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AFPM '19: IMO 2020 and beyond

By VIC SCALCO, General Atomics

Refiners around the world have learned to adapt to ever-changing market demands—even the advantages of opportunistic crudes have come with their own set of challenges. To overcome the need for technical advancements in the refining industry, processing tight oils and heavier crudes has just been dealt another blow.

The hottest topic at oil and gas conferences is the International Maritime Organization Regulation 2020 (IMO 2020). The understanding of what the future holds is mixed, but what is known are the limits of today’s technical solutions to meet the IMO 2020 < 0.5% sulfur requirement. For smaller refineries, this may mean doing nothing and waiting for the shipping industry to react by installing more scrubbers (FIG. 1).

For mid-size refineries, investment may be considered for blending or desulfurization, but a longterm, higher capital expense may not be in the cards for them. Larger refineries, however, are already capable of producing low-sulfur fuel oil (LSFO), making them ready for IMO 2020 regulations with only minor investments.

Production changes

IMO 2020 and the regulations of MARPOL Annex VI will shake up the bunker fuel market. The bottom of the barrel will still flow from refineries after the regulation requiring LSFO for maritime use is enforced beginning in 2020. Although the requirements have been in constant change, this new regulation represents the most dramatic change since 1996, when ISO 8217 MARPOL standards held a limit of 5% sulfur and a maximum of catalyst fines at 80 ppm. In 2012, MAPROL standards called for limits of 3.5% sulfur and maximum catalyst fines at 60 ppm. Today, the MARPOL standard requires < 0.5% at 50 ppm, creating an excess of high-sulfur fuel oil (HSFO) with catalyst fines.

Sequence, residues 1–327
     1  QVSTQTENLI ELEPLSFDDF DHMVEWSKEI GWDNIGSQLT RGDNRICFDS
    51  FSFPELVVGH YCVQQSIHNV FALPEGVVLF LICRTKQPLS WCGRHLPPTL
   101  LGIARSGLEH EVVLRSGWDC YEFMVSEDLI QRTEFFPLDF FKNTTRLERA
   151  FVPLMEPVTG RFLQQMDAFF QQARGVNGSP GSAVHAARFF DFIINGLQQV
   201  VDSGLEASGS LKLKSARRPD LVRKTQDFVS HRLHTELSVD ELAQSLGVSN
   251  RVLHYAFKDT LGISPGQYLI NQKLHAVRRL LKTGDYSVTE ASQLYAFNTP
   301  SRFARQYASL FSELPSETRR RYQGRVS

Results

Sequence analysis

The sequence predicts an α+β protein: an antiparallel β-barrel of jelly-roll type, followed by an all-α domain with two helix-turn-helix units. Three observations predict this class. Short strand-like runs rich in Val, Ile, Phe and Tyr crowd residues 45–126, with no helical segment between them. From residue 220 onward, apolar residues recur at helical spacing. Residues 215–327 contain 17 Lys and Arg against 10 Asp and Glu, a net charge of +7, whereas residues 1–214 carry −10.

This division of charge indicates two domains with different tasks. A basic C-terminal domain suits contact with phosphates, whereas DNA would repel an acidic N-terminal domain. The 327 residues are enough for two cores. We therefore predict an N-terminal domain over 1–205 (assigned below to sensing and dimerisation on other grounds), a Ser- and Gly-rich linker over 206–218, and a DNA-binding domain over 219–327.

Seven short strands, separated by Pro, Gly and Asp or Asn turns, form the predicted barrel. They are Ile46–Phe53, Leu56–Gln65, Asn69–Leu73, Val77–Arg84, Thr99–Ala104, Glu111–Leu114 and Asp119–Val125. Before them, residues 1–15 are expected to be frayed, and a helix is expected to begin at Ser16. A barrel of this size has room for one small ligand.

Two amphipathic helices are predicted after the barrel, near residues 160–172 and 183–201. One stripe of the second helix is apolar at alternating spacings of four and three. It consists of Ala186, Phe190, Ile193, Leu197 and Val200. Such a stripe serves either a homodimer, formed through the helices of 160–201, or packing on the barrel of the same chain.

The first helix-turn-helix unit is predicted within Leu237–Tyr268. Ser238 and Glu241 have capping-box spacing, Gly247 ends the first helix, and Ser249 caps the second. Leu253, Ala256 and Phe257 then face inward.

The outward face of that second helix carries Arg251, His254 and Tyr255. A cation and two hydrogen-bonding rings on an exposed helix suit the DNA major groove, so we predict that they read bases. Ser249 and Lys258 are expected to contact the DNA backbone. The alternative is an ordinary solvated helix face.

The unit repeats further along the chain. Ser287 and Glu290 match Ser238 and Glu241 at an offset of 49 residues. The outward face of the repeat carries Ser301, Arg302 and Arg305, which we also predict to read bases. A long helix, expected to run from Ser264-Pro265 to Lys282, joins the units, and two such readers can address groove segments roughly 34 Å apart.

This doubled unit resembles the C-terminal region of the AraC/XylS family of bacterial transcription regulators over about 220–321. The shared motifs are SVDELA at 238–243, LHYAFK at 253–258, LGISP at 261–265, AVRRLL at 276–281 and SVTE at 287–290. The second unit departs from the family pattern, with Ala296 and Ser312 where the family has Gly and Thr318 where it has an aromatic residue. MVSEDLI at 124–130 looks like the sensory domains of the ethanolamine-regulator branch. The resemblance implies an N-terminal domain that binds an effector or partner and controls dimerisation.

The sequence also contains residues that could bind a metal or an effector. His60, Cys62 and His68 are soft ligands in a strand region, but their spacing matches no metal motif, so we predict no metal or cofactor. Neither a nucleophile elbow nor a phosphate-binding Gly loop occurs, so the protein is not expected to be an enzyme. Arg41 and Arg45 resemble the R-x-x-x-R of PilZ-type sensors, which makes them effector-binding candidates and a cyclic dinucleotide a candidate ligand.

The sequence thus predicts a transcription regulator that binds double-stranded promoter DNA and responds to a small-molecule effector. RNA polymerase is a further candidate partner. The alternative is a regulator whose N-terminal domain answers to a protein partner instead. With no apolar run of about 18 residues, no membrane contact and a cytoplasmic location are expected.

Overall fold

Recent studies illustrate that 60% of refining capacity will remain HSFO, although supply will begin to become less severe. More than 70% of the industry will either make plans to reduce overall fuel oil supply due to IMO 2020 regulation tightening, or ultimately find other markets for HSFO. The global supply of HSFO is approximately 3.3 MMbpd, with a maximum 3.5% sulfur and less than 100 ppm catalyst fines. The new requirement for all ships to use marine fuel regulated under IMO 2020 will not only require LSFO with sulfur content under 0.5%, but Annex VI of the MARPOL requirements will also enforce reduction of the catalyst fines content known to cause engine wear and pollution.

Refiners will have little incentive to produce HSFO after the new regulations begin to be enforced. A small demand will remain from shipping companies installing scrubbers, but tight regulations on backwash scrubbers and even vessels containing HSFO can become a concern for shipping companies relying solely on exhaust scrubbers. The increase in scrubber-equipped ships and the increased demand for power generation will play a large role in balancing the call for HSFO in the market.

Facing the challenge

The fuel oil market or residue fuel is the bottom of the crude distillation unit (CDU). To extract more value from this stream, it can be processed using fluidized catalytic cracking (FCC), hydrocracking or cokers to produce products that are more valuable. This will come at a higher capitol expense. In the case of using FCC, catalyst fines must be removed from the slurry oil to produce a higher quality bunker fuel for selling into this market.

Catalyst fines are very small particles < 25 micron from the catalytic cracking process. Removal of these particles is complicated and, in most cases, even using settling tanks does not allow the refiner to meet the specifications required for marine bunker fuel. Refiners with successful fines separation have found the best technologies available are the di-electrostatic separator for clarified slurry oil, and some mechanical filtration methods. It is important to note, however, that mechanical separation is burdened with high maintenance costs and frequent blockage from asphaltenes or waxes.

To succeed in the dramatic switch to LSFO, refiners will want to cut their HSFO as much as possible to offset the anticipated drop in value. For refiners unable to upgrade in time to meet the expected demand, a shift in refinery low-sulfur crude processing will be the next step in meeting production without reducing CDU production.

This will alter refineries’ bottom lines by causing them to seriously consider the extra cost of upfront purchases of low-sulfur crude. For refineries bracing for the upcoming tide of HSFO, the only certainty is how each refinery will uniquely prepare to address IMO 2020. In this emerging market, one solution will not fit all. 

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